If you are coming to NAB I am doing 3 live talks for FUJI on the Monday at 1030 am and 4pm and on Tuesday at 12pm.
I am also doing talks for Atomos on Monday, Tuesday and Wednesday all at 230pm, plus a panel at 11am on the Wednesday.
Proper mechanics for video is something we have gotten used to coping without since the DSLR and large sensor camcorder revolution. Stills lenses are affordable and many of them give us incredible optics but proper usable manual focus, smooth apertures, parfocal zooms and no lens breathing are all things that I certainly miss when using them. Cinema lenses are the solution but are generally very expensive and very heavy.
Back in late 2016 Fuji asked me to shoot a video for them using their new lightweight (lower cost)cinema zoom lenses designed for E-Mount featured the same optics as their acclaimed Cabrio line. What was also exciting about these were that they had all the things I was missing from my stills lenses, had fantastic optics and had a price tag well below most cinema zooms.
My first video was just with the 18-55mm T2.9, roughly equal to a 24-70mm on a full frame. These lenses are designed for S35 and won’t cover a full frame sensor by the way.
The second video I made for them used both of the zooms, but predominantly the new 50-135mm T2.9, roughly equivalent to 70-200mm full frame FOV. You can see both of these videos at the bottom of the page.
When I had heard that MTF services were making a micro four thirds mount for them I wasn’t super excited as this was quite a few months ago. After all they didn’t seem like a great fit for my GH5, which I never use, as the 2x crop would give them a full frame FOV of 36mm at the wide end which seemed a bit steep to me.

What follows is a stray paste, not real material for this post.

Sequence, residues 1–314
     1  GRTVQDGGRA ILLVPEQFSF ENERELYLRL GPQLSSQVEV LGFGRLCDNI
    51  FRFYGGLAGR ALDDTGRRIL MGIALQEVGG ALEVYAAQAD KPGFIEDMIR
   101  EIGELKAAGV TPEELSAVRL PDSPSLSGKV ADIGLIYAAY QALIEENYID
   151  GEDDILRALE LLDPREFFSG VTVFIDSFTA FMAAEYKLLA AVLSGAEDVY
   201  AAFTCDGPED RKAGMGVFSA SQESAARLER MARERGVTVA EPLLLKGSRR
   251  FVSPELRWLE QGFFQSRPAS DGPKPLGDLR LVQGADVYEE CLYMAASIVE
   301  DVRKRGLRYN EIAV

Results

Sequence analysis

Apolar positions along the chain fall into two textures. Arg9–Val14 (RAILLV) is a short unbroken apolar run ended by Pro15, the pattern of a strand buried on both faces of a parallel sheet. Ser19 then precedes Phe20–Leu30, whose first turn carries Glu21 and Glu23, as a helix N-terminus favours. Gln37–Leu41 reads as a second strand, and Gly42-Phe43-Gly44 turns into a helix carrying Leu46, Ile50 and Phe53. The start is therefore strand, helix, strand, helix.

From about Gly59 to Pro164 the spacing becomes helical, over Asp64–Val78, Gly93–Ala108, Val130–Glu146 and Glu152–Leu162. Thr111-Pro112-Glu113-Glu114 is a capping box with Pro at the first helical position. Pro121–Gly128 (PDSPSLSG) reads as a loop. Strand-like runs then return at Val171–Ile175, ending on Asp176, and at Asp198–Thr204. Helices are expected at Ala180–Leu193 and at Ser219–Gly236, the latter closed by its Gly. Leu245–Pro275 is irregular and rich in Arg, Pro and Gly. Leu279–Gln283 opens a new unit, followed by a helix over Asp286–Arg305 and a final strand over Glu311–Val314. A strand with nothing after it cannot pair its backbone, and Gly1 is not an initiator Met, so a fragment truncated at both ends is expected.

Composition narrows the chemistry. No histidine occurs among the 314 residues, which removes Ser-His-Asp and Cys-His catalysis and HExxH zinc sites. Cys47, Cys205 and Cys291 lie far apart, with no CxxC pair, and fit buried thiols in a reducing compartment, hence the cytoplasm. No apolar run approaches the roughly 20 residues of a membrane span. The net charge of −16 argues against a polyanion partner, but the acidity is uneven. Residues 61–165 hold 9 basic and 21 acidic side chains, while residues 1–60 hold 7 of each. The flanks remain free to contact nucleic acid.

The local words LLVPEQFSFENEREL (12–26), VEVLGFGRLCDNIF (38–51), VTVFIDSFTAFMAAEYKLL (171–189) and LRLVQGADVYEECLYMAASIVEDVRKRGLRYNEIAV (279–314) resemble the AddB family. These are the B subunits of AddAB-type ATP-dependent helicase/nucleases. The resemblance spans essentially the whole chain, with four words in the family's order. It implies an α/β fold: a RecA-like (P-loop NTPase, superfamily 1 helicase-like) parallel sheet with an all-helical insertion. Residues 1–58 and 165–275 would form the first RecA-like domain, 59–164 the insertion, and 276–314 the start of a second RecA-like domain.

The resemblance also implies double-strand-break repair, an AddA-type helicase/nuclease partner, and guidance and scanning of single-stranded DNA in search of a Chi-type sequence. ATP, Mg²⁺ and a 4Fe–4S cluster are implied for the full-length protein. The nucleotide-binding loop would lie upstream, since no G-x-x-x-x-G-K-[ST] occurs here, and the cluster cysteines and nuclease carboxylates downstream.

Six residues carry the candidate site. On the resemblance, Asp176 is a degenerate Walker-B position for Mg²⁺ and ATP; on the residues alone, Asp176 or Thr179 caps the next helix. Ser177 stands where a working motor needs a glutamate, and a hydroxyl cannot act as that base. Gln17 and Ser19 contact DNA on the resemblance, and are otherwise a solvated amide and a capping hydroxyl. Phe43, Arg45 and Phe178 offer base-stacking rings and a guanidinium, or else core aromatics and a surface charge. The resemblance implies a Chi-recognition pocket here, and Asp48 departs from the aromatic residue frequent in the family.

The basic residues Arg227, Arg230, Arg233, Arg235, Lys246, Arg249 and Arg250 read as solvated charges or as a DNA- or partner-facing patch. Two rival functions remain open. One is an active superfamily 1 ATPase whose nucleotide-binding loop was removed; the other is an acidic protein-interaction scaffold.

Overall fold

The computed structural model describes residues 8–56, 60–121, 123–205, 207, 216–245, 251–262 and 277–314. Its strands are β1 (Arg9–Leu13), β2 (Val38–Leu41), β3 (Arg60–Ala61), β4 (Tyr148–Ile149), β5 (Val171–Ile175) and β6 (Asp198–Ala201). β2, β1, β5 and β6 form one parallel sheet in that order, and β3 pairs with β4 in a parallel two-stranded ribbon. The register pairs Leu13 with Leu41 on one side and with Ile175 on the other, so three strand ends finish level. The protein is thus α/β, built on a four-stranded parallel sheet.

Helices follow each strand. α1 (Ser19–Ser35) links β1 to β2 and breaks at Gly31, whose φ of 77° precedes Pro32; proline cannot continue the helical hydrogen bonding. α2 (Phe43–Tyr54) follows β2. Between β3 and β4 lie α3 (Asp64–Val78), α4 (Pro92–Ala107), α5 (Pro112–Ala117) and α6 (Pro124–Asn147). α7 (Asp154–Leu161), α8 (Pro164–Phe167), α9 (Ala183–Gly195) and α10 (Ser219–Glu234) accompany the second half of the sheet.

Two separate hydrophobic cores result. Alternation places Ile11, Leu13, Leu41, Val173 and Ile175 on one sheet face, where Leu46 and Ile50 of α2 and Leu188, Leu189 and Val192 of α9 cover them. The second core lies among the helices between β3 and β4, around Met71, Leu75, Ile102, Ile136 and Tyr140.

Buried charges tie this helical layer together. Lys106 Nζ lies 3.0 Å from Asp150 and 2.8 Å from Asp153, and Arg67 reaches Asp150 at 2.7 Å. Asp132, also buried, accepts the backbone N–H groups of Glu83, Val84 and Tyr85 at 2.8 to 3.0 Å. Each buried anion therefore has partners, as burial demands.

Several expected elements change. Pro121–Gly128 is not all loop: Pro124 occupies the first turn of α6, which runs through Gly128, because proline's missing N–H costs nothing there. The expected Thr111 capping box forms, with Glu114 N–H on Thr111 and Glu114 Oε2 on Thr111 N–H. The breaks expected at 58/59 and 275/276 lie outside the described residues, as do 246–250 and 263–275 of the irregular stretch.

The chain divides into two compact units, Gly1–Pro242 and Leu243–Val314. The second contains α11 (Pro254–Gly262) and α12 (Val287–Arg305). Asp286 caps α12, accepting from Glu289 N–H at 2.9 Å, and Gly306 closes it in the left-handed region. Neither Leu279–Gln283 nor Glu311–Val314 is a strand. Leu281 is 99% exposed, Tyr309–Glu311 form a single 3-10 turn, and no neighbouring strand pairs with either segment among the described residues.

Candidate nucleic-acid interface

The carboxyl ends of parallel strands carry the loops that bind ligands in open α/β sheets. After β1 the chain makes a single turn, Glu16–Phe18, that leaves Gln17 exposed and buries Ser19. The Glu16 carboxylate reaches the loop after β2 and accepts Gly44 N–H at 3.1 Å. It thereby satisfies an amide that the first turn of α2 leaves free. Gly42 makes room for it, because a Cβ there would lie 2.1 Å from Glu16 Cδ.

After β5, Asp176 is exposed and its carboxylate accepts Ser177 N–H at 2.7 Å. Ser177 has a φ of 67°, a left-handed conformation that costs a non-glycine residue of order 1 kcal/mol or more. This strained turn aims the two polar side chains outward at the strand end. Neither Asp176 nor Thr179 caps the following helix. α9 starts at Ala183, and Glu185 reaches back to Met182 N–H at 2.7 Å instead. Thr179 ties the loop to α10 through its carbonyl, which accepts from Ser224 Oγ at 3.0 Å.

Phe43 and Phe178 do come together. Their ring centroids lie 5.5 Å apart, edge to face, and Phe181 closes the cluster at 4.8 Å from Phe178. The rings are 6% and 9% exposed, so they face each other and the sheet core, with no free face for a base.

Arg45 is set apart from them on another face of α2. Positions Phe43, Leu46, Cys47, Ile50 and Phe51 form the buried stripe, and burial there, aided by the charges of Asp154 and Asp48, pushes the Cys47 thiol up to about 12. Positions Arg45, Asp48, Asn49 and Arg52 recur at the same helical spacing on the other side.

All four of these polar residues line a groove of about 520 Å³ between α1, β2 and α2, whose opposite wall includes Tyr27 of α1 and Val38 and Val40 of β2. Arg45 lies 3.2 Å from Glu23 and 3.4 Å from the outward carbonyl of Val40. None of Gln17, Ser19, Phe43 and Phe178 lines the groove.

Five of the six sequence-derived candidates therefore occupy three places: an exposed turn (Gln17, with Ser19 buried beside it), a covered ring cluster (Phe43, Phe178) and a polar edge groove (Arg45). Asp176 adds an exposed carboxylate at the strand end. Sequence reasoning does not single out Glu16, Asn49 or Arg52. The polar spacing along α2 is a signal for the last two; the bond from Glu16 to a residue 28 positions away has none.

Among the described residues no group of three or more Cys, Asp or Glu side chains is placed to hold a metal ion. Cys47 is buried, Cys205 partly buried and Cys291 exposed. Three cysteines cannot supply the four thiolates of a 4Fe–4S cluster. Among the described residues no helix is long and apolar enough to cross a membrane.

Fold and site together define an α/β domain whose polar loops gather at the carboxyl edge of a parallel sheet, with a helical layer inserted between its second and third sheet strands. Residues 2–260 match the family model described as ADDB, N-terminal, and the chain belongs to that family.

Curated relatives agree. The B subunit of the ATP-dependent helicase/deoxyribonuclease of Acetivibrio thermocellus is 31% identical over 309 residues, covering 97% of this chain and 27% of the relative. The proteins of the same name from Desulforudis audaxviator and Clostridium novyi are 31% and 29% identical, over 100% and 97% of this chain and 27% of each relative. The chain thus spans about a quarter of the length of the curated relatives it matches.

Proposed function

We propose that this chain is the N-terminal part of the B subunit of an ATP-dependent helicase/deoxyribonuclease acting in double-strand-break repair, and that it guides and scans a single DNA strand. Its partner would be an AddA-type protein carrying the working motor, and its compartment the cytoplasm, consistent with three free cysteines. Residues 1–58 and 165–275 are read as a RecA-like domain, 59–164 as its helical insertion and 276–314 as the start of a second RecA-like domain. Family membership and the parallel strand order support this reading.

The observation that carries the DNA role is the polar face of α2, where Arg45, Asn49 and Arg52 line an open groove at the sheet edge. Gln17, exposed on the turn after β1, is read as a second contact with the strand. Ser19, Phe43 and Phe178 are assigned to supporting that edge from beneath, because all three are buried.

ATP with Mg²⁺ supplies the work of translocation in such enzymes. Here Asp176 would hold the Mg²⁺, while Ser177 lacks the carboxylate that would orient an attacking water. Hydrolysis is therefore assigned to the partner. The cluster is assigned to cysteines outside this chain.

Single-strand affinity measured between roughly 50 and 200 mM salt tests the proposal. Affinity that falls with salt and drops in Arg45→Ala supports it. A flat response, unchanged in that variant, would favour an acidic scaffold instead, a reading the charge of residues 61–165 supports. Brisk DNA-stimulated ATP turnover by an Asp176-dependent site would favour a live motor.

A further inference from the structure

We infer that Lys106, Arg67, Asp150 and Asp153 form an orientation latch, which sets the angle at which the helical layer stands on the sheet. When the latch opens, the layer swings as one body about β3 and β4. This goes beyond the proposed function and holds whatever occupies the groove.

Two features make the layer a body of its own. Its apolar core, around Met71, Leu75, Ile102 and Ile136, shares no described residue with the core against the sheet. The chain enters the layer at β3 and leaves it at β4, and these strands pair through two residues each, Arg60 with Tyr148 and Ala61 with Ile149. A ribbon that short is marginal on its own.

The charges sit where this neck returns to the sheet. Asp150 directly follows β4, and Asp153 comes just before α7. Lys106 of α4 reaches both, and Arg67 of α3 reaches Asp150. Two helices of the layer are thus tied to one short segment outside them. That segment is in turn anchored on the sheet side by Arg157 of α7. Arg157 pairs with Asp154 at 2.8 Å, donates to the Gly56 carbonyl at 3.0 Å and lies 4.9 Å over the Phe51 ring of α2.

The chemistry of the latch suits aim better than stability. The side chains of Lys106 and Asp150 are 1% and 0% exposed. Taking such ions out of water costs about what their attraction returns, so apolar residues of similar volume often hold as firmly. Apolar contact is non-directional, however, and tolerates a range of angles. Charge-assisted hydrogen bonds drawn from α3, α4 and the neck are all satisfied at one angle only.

Then I bought the Blackmagic Pocket Cinema Camera 4K and despite a few issues I have with it (I will do a proper review about the camera one day, a long term use video) the image really impressed plus it was the first Blackmagic camera that can shoot really well in low light.
Now the micro four thirds lens mount suddenly became more interesting, it still would be not quite as wide as I would like on the wide end as it would be about 33mm with the 1.85x crop of that camera’s sensor. But I have never seen this camera as an actuality hand held documentary camera for me due to it’s odd ergonomics so this wasn’t so much of an issue.
Fuji asked me to make a third video explaining how these lenses and this camera work together with the new mount, to introduce Pocket 4K owners to these superb lenses. So that is what I did. Filming in Camber Sands in East Sussex and the Dungeness in Kent a couple of weeks later.
I was really impressed with how well they worked together. I am still going to use these lenses mostly on my E-mount cameras, especially my Kinefinity Mavo LF as in S35 4K mode they are a dream together…but I will swap those mounts over when I want to use them on the Pocket 4K. After all it is just 4 little screws on each lens! Just be careful not to do them around the cats!
Make sure you scroll down to watch the video I made and also to see the other linked videos!